Local entrepreneur provides kids clothing with boutique quality and affordability in mind.

By Bao Nguyen
November 10, 2017

As we’re getting prepared for the the 2017 International District Holiday Festival, we’re working with many local vendors to make the event a success. Time after time, we’re amazed at the entrepreneurial spirit and energy of these immigrant and minority business owners. They are what truly make America great and we want to share their stories with you.

In the next couple of weeks, we will tell you about some of the vendors who are participating in the pop-up market on November 25th. We hope their stories will inspire you to come support them and others like them. Who knows? Maybe they’ll stir up your own dreams. They are the reason we do our work!


Charlee Sintaraga Panda Kids

Photo courtesy of Charlee Sintaraga

CHARLEE SINTARAGA, founder & owner of Panda Kids.

Usually, when someone says that they are tired of working for corporate America, of the 9 to 5 daily grind to pad the pockets of executives, it stays just that, a complaint. Rarely does anyone take the next steps to address their predicament. But once in a while, someone does.

“I used to work for corporate America,” says Charlee Sintaraga, founder and owner of Panda Kids, an online company that specializes in products for babies and kids up to 6 years old. “But it really tired me out and I thought that if I can make companies this much money, I can make the same for myself.”

Charlee is what you’d call a serial entrepreneur.

Originally from Brooklyn, New York, she has travelled extensively and spent time living in Intaly, the Netherlands, Japan, and Indonesia and has visited many other countries. Nothing beats the U.S., she says, but overall, Europe and Japan are special to her heart.

Her current home is Seattle where, while working for Microsoft, she started an online company selling accessories for women. It became a success and was eventually acquired by another well-known e-commerce company after a few years. Something shifted in Charlee at this point and two weeks later, she quit Microsoft to start all over again.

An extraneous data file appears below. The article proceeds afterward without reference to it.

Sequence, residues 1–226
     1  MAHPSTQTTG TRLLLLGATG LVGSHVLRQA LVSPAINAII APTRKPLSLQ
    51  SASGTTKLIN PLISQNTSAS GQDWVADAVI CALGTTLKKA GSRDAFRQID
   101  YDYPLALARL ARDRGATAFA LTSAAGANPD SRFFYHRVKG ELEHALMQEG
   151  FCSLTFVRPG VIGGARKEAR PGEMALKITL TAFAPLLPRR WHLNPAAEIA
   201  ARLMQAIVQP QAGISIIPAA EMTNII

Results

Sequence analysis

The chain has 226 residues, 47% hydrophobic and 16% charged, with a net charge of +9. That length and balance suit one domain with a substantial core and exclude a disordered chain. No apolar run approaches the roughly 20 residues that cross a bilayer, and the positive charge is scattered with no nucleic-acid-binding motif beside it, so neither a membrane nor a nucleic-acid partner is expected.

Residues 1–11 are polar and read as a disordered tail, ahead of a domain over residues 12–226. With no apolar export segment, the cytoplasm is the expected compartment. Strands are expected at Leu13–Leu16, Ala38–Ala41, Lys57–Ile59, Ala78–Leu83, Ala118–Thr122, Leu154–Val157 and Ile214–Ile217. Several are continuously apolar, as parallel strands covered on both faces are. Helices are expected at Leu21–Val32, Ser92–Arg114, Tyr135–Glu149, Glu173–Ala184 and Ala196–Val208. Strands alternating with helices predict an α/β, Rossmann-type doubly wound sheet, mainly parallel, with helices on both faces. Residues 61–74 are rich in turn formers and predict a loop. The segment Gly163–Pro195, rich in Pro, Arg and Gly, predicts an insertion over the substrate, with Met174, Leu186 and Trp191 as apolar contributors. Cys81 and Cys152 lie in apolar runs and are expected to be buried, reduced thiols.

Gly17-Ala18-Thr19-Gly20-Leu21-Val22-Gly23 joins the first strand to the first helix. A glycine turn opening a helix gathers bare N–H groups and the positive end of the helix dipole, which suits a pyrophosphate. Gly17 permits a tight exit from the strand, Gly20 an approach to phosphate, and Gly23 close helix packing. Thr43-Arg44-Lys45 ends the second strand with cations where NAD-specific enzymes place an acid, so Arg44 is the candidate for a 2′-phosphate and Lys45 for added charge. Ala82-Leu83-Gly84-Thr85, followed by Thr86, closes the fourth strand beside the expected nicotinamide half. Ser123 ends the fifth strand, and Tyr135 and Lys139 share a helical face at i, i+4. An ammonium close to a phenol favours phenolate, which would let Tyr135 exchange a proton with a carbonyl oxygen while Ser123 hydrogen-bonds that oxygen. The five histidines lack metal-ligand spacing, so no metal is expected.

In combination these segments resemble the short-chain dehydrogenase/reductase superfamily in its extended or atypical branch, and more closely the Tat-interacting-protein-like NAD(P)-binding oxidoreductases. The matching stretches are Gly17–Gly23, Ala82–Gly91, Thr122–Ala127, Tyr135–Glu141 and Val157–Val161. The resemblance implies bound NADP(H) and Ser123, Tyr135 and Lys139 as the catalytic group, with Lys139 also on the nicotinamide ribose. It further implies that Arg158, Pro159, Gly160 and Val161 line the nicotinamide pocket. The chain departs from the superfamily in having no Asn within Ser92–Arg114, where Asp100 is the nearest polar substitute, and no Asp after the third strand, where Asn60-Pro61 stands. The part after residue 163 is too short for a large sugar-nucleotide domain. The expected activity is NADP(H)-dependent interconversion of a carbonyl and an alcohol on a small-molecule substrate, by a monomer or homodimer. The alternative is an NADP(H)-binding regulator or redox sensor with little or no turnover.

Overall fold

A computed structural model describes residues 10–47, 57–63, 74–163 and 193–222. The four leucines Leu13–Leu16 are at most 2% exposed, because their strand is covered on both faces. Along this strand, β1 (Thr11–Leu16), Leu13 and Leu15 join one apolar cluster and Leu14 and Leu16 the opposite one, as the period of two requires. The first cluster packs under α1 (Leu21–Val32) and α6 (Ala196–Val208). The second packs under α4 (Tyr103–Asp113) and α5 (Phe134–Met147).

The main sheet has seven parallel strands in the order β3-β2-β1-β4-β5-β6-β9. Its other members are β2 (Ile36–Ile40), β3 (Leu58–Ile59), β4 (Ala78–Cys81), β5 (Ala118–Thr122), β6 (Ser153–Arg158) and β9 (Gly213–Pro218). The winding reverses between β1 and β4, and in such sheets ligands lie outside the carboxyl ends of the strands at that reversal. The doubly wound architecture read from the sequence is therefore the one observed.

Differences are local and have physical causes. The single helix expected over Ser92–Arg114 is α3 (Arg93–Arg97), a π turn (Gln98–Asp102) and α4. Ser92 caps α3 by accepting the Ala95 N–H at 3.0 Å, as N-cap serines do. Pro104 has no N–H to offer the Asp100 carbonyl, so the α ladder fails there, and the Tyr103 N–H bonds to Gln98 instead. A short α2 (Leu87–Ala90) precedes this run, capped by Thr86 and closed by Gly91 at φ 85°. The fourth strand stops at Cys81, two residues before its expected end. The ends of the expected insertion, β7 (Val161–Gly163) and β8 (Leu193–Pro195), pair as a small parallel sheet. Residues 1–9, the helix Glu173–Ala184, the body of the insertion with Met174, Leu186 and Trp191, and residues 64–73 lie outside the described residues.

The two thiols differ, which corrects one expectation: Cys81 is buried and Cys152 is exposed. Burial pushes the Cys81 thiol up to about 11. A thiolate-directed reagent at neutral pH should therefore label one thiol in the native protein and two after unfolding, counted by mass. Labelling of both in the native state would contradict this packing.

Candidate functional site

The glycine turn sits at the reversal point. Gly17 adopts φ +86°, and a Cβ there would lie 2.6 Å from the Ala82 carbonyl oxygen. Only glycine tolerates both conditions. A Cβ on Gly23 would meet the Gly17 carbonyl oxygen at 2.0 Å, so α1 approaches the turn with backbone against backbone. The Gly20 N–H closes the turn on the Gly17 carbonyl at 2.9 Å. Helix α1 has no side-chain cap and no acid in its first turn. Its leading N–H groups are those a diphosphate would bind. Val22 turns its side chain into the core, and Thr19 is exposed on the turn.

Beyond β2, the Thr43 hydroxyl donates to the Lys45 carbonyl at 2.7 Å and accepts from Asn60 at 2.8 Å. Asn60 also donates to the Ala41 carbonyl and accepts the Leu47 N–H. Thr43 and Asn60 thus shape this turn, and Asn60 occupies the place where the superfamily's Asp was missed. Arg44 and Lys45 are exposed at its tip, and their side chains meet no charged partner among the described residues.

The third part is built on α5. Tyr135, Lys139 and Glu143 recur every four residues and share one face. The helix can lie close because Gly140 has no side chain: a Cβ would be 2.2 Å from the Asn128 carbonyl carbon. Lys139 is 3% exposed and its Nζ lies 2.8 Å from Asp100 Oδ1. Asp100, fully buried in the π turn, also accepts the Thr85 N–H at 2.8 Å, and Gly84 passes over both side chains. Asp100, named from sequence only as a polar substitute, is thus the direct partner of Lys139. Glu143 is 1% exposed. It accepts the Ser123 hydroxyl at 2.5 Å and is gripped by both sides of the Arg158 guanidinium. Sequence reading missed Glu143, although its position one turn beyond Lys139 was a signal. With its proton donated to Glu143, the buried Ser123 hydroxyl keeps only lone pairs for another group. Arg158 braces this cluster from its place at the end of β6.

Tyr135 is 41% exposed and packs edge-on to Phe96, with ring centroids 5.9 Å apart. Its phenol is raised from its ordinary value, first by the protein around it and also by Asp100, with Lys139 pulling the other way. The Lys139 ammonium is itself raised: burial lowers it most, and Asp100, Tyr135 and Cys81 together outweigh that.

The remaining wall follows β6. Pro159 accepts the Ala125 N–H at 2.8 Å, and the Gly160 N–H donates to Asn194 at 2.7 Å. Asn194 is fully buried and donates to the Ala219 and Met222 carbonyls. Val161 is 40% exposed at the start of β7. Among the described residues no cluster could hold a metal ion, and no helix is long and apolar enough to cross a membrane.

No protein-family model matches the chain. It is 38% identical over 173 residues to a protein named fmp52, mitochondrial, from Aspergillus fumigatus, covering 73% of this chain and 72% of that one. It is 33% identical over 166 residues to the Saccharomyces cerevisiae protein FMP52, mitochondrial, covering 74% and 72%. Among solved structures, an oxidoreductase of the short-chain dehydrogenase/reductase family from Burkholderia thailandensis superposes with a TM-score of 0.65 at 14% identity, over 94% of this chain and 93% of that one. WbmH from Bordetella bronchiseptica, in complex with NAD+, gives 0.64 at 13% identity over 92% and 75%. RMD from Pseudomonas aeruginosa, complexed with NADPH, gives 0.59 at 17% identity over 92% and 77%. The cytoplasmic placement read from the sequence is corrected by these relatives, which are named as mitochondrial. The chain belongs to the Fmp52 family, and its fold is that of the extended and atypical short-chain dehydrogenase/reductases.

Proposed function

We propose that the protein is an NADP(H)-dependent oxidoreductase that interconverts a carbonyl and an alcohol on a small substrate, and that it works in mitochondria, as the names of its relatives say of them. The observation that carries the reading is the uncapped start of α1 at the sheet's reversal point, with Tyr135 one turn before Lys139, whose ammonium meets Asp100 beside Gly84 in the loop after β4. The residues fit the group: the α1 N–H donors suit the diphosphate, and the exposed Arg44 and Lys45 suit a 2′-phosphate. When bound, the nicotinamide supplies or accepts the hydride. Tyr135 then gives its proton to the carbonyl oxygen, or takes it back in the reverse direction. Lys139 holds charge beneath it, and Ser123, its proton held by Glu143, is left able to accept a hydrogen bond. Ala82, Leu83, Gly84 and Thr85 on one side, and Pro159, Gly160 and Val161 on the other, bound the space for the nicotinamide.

With many of her friends now being married with kids, Charlee was constantly hearing about how expensive kids’ clothes are. Using her experience in supply chain management and e-commerce, she started doing her research, looking into industry trends and asking parents what they really want when they buy clothes for their children. After learning what she needed to know, she founded Panda Kids.

“When I first started, I was on my own, sewing and all of that,” Charlee recalls. “It took a lot of time, days and sleepless nights, just to finish one product. I finally realized that I can’t do this alone so I started to work with vendors and suppliers.”

Charlee now works with 4 designers and at least 12 suppliers, locally and internationally, while staying “hands on in everything” to keep her products boutique quality and affordable. Tapping into her knowledge of commodities, Charlee is able to offer hard to find materials like organic and Japanese cotton. She’s currently testing the waters with cashmere.

The term “terrible twos” describe a stage when kids start to want independence but are still reliant on the care of adults. Toddlers at this age can be unpredictable and stubborn. After three and a half years in operation, Panda Kids is showing similar signs.

“Instead of the terrible twos, we’re in the terrible threes right now,” Charlee says with a hearty laugh. “Running a company is never easy. I want to build a dream team. I want it to run on its own.”

Family and friends tell her that she’s going to be the next Jeff Bezos in 5 to 10 years. Most people would appreciate this compliment but probably dismiss the lofty comparison. Not Charlee.

“I have to work really hard to be him!” she says excitedly, as if it’s a challenge she gladly accepts.

Oh yeah, she’s also partnering with a friend to start a catering company.